Elvis fan Billy Morokawa says Japanese Prime Minister Junichiro Koizumi will likely feel the power of Presley’s enduring energy when he tours the rock-and-roll legend’s home in Memphis, Tennessee, Friday with President Bush.
Did you see that? “Pilgrimage” There’s no way this visit is going to pass the church/state test, and visiting it alongside President Bush the “I was only going in my capacity as a private citizen” defense is never going to fly, particularly when considering his personal history in this cult.
Koizumi, 64, is an Elvis devotee who not only shares a January 8 birthday with his idol, but picked out his songs for a 2001 charity album, “Junichiro Koizumi Presents My Favorite Elvis Songs.” The prime minister appears on the album’s cover standing next to Elvis outside Graceland in a composite picture.
Back in 1987 when Koizumi was a mere lawmaker, he and his brother Masaya, now a senior adviser to the Tokyo fan club, helped raise funds to erect a status of Elvis in the Japanese capital to commemorate the 10th anniversary of his death.
Three years ago the prime minister, an eclectic music lover whose favorites also include German composer Richard Wagner, sang his favorite Elvis hit — “I Want You, I Need You, I Love You” — with actor Tom Cruise, then in Tokyo to promote his movie “The Last Samurai.”
In the West, few social problems are thought of as more typically Japanese than the random molester, known aschikan . He may lurk in a parking garage or dark alley, as if some sort of fungus, but his most common natural habitat is the train. During rush hour, when commuters of all ages, professions, genders are packed together like sardines-to the point that certain stations in Tokyo famously (used to?) have platform workers help people squeeze inside before the doors shut-and the hapless victim has no escape from the perverts embrace. Whether he merely breaths too close and too damply to her neck, rubs his pelvis up against her side, slides his hands over her breasts, crotch or buttocks, slips them into her clothes, or actually opens his own clothing to perform that most inappropriate of public acts, the response is always the same-nothing. The woman may be disgusted or terrified, fellow passengers may see, feel, or hear what is going on, but regardless nobody stops it, nobody calls the police, and of course nobody is ever punished.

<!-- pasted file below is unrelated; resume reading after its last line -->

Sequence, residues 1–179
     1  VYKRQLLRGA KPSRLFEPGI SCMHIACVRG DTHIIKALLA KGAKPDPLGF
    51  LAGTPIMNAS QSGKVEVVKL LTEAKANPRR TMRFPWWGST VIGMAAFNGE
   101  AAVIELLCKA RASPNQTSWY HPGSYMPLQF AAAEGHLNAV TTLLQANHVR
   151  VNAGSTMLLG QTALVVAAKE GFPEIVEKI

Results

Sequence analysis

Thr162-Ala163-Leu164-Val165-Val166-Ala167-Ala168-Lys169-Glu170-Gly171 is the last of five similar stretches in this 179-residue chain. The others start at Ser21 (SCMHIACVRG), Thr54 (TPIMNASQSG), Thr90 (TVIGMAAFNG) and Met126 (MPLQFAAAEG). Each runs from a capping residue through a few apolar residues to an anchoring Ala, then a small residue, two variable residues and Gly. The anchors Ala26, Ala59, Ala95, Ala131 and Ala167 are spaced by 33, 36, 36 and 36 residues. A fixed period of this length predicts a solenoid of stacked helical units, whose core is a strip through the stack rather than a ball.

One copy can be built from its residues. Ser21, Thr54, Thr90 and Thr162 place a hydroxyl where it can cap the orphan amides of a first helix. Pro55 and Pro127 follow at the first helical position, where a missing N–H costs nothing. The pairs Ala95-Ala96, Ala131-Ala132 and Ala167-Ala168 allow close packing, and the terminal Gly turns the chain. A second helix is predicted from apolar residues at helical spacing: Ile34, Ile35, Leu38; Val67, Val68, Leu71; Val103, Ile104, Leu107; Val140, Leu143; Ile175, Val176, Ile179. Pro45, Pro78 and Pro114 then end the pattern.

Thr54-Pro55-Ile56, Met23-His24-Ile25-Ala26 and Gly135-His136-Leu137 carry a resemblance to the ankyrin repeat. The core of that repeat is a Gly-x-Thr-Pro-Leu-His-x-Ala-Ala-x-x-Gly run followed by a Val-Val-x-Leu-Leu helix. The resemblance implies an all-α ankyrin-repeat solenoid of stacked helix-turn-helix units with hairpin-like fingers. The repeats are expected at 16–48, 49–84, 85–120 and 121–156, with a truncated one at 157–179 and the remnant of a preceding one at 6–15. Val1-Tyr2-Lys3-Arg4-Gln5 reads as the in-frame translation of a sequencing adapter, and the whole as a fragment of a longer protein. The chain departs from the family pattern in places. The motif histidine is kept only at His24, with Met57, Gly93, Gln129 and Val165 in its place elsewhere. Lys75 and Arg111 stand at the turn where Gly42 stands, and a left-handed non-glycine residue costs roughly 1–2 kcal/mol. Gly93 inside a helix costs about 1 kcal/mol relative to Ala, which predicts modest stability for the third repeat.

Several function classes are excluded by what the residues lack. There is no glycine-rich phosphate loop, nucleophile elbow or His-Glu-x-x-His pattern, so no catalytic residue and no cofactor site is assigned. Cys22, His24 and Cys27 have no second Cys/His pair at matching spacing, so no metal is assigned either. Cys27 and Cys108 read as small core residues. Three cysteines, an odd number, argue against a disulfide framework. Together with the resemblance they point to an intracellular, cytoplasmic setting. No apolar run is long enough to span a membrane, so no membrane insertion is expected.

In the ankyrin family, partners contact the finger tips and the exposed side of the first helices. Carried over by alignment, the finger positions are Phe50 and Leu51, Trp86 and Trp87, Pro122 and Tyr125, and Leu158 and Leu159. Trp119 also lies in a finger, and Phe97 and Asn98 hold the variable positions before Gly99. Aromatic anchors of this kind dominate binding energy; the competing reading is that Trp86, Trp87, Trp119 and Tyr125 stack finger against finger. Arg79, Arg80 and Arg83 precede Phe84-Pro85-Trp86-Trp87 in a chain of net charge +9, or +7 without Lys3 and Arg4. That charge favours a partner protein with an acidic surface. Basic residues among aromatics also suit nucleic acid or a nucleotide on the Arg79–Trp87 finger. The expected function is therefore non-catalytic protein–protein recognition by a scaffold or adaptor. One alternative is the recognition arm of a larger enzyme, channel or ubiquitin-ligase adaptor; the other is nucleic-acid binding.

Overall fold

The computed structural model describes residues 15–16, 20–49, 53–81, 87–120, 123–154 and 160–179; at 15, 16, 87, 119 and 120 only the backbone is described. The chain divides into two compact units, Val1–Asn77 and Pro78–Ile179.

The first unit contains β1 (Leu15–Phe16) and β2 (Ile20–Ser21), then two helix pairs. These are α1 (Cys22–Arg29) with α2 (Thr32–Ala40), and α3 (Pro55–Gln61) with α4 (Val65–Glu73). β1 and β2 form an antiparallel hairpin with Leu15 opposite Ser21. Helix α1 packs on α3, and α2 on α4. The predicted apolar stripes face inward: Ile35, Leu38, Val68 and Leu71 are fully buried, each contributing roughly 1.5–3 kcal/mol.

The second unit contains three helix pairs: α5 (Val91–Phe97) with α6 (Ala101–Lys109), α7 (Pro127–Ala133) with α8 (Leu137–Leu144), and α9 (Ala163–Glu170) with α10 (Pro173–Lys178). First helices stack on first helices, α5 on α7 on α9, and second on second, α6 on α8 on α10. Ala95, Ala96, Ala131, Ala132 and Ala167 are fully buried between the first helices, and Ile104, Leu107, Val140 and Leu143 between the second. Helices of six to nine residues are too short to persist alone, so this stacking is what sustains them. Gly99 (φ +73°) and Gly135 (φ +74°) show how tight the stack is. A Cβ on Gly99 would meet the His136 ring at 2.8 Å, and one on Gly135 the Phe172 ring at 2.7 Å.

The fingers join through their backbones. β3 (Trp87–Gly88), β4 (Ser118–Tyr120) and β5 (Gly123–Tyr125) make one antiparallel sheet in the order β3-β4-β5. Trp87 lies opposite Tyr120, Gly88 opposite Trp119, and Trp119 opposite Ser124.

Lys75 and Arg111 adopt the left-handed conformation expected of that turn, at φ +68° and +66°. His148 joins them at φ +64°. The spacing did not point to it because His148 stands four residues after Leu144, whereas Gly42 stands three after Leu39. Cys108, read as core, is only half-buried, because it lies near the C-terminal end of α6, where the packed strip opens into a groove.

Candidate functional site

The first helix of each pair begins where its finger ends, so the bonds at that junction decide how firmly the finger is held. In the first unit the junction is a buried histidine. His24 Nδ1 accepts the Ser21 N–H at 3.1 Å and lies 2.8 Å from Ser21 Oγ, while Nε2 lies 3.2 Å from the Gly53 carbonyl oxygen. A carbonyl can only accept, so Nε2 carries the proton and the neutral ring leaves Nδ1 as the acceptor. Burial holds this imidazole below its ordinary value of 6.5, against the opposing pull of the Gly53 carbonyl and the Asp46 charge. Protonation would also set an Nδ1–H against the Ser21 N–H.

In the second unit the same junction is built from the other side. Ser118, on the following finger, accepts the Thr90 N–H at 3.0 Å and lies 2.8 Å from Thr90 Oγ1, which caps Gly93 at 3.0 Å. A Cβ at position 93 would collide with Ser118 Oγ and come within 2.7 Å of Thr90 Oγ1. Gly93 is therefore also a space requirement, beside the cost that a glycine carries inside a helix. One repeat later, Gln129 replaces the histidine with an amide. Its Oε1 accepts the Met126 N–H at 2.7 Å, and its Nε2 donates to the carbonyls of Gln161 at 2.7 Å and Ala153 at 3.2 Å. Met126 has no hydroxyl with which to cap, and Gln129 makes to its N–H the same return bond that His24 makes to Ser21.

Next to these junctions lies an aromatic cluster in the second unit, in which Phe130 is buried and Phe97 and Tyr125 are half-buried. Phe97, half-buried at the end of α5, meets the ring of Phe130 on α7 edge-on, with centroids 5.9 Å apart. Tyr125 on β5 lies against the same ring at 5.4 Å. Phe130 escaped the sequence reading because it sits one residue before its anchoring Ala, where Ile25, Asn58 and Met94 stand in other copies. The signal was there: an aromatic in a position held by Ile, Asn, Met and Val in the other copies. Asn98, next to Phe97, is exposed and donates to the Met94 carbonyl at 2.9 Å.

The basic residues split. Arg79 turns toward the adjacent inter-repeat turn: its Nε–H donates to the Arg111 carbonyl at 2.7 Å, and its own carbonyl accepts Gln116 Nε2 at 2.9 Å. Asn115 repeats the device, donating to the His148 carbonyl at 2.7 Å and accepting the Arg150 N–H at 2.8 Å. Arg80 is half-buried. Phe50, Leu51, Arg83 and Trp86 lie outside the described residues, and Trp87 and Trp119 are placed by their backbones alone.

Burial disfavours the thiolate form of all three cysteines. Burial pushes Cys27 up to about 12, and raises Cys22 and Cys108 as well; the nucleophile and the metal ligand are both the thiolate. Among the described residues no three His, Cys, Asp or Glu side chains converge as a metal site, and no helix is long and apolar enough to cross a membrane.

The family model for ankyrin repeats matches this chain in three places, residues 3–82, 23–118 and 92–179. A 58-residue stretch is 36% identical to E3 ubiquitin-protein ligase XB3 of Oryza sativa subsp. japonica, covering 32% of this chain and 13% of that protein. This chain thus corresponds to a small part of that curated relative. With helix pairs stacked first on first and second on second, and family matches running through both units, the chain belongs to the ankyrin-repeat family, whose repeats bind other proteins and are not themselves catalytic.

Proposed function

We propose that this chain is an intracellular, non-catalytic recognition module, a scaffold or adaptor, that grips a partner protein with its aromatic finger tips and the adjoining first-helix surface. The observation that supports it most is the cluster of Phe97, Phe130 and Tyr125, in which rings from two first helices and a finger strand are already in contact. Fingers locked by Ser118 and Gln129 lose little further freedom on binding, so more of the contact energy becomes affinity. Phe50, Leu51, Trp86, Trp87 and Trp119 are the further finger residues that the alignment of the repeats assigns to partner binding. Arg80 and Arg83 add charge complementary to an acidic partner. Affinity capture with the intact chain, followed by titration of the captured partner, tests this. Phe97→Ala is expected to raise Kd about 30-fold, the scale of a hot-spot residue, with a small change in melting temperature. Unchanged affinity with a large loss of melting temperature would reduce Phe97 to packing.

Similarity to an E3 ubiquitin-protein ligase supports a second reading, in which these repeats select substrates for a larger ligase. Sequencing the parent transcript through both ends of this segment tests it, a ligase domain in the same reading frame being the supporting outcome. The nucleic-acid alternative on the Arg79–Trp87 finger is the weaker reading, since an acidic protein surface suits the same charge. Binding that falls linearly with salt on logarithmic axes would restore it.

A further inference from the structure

Of course, this is all a product of Japan’s unique culture, superficially sexually repressed and yet if you scratch the surface ever so perverted. In other, normal, nations perhaps these chikan would be well-adjusted men, allowed to slake their sexual appetites with their wives or girlfriends, instead of being forced to work like robots for a family that doesn’t love them, virtually castrated by society. With no accepted outlet, he turns to increasingly depraved pornography, which gradually programs his pyche to associate his libidinous urges not just with the image of a pretty girl but outlandish scenarios until merely watching is no longer enough, and without any good Protestant values to reign him in, he feels compelled to take to the streets and do something about his fantasies, heedless of the victim’s rights or the consequences.
At least that is how the common stereotype goes. But really it’s all absolute rubbish.
This week, as the Police Department announced the arrest of 13 men charged with groping and flashing women in the subways, women around the city nodded. Yes, they said, this had happened to them. Yesterday. Last month. Last fall. Twenty years ago.
“Every girl I know has at least one story,” said Barbara Vencebi, 23, a studio photographer standing outside the No. 6 train station at 116th Street in East Harlem yesterday.
It is a crime abetted by the peculiar landscape of the underworld that is the subway system, by the anonymity of a crowded car where everybody is avoiding eye contact. And by the opportunity for a quick escape at the next stop, to disappear behind a pillar, into a tunnel, up an escalator.
An impromptu survey of riders during the morning rush yesterday found that, for many women who have experienced it, the worst part of the crime is the sense of helplessness. What is the right way to react to a humiliating, but not life-threatening, situation? Should you announce to an entire car of strangers that you have just been violated?
Most of the time, the women said, they seethe inwardly but say nothing.